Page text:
Analysis of an Annular Pressure Buildup Failure During Drill Ahead
- Phillip D. Pattillo (BP America) | Brett W. Cocales (BP Amoco Corporation) | Stephen C. Morey (BP Amoco VTG)
- Document ID
- Society of Petroleum Engineers
- SPE Drilling & Completion
- Publication Date
- December 2006
- Document Type
- Journal Paper
- 242 - 247
- 2006. Society of Petroleum Engineers
- 1.14.1 Casing Design, 4.1.2 Separation and Treating, 2 Well Completion, 1.6 Drilling Operations, 1.10 Drilling Equipment, 1.6.1 Drilling Operation Management, 2.1.7 Deepwater Completions Design, 1.11 Drilling Fluids and Materials, 4.2 Pipelines, Flowlines and Risers, 1.10.1 Drill string components and drilling tools (tubulars, jars, subs, stabilisers, reamers, etc), 4.1.5 Processing Equipment, 5.3.2 Multiphase Flow, 1.14 Casing and Cementing, 1.6.9 Coring, Fishing
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While drilling ahead in salt on the Pompano A-31 (Gulf of Mexico) wellbore below the 16-in. shoe, the rotary stalled abruptly, and the drillpipe simultaneously became stuck. Subsequent calipers indicated the 16-in. casing to be deformed onto the drillpipe at approximately 250 ft.
To the authors' knowledge, this situation represents the first instance of an annular pressure buildup (APB) failure during drilling. APB is typically associated with extremes of temperature change resulting from production operations. In the current instance, the temperature change is solely from circulating drilling fluid.
This paper provides a detailed post-analysis of the 16-in. casing failure as follows:
- An overview of the conventional casing design for this well, indicating that normal operating conditions should not have resulted in a failure.
- A review of the failure event, substantiated by field measurement and photographs.
- An investigation of APB, associated with inadvertently closing the 16-in. casing annulus at the surface, demonstrating the magnitude of the possible resulting thermally induced pressure load.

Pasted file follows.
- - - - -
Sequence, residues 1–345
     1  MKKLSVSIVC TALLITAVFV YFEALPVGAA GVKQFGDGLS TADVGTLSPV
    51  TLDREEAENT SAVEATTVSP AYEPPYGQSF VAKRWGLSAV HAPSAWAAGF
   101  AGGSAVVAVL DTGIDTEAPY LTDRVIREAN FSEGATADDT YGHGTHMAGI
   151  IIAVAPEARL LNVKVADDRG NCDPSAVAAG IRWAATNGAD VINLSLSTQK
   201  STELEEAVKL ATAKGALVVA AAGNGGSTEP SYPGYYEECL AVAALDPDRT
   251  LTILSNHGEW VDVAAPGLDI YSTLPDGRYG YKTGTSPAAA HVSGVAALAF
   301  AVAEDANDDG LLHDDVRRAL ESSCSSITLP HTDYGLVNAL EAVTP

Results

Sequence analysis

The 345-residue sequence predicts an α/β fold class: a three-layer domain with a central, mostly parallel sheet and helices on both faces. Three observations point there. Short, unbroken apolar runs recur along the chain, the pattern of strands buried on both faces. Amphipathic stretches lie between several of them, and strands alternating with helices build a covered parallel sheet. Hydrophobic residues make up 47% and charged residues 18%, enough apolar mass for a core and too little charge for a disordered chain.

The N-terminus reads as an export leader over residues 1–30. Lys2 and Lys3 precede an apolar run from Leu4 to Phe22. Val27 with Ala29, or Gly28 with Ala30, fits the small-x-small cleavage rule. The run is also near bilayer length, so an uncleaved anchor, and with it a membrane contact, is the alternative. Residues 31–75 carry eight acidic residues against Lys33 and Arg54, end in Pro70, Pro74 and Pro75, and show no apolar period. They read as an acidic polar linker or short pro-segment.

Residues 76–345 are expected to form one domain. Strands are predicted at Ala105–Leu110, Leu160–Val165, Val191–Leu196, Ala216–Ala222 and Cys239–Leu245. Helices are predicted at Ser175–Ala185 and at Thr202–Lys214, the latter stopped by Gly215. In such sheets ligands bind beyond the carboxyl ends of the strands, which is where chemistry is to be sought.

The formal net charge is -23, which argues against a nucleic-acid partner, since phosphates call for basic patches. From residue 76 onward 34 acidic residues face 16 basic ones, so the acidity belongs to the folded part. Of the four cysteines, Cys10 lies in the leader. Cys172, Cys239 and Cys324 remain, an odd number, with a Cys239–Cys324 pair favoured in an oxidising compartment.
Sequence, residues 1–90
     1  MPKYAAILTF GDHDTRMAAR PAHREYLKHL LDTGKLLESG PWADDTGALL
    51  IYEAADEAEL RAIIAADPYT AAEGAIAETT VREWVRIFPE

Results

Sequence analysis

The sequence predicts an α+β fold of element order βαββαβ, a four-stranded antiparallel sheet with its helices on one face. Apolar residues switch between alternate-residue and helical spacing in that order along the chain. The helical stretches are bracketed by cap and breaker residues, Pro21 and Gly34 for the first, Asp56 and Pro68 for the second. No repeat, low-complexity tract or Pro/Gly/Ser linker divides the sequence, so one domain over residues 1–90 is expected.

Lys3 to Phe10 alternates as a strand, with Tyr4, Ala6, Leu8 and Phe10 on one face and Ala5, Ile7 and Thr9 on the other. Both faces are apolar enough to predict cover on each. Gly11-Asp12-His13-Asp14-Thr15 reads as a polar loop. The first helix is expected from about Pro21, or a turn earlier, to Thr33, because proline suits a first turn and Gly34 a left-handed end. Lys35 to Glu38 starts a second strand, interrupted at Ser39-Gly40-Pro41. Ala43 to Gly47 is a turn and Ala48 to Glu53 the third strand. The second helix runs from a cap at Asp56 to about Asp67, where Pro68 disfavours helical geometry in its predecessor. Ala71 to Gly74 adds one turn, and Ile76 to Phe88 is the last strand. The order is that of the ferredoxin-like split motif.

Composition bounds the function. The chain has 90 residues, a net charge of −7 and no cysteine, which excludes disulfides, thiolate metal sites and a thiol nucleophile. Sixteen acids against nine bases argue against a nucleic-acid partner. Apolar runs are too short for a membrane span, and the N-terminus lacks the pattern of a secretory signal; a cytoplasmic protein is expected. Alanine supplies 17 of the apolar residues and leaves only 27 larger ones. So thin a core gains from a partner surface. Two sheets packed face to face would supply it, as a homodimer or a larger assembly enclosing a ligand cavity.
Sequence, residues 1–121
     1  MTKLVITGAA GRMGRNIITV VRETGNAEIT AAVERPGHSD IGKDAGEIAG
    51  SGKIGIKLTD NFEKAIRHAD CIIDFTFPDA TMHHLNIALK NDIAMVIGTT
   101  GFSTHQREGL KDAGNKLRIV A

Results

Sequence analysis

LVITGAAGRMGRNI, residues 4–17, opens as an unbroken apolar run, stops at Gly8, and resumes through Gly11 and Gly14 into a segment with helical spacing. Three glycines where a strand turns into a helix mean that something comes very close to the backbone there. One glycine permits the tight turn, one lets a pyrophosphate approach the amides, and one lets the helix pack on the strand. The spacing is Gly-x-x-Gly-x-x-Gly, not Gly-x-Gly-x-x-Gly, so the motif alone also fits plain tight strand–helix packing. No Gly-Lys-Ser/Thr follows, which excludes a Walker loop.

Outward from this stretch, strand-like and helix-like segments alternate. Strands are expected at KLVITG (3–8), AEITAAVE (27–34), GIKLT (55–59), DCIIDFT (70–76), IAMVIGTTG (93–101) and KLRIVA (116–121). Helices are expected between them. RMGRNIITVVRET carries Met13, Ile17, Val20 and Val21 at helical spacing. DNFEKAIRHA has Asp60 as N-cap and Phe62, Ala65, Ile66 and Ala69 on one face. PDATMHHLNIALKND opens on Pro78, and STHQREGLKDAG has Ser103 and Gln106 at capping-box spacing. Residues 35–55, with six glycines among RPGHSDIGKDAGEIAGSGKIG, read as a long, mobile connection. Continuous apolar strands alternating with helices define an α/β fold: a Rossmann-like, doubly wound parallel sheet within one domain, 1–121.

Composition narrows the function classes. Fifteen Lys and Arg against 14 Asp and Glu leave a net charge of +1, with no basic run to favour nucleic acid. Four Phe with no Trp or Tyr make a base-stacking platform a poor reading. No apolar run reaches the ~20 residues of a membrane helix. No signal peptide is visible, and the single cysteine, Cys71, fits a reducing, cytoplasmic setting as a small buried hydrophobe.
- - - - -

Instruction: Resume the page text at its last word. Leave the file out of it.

- Consideration of an alternate failure mode, column buckling, to demonstrate that this failure mode was not active in this wellbore.
- A finite-element model of the drillpipe/16-in. casing/20-in. casing trio indicating that, in addition to the collapse of the 16-in. casing and subsequent sticking of the drillstring, the outer 20-in. casing was also damaged by the event.
The latter item is particularly important because damage to outer strings can be easily overlooked if concentration is on the collapsed casing and drillpipe fish. A mechanical caliper confirms damage to the outer 20-in. string.
Conclusions in the paper center on confirmation of the postulated failure mode by field measurement and recommendations for avoiding such an event.
While drilling ahead at 9,132 ft. on the Pompano A-31 wellbore (Vioska Knoll 989 A-31, OCS-G-6898) below the 16-in. shoe (Fig. 1), the rotary stalled abruptly, and the drillpipe simultaneously became stuck. An increase of mudflow out of the flowline surged over the gumbo buster.
Approximately 500-psi pressure was bled off the 16-in. by 20-in. annulus. The fluid initially recovered from the 16-in. by 20-in. annulus was a clear, 10-ppg brine, but later changed to a 10.5-ppg, synthetic-based mud composition tantamount to the fluid placed above the cement top in the 16-in. annulus.
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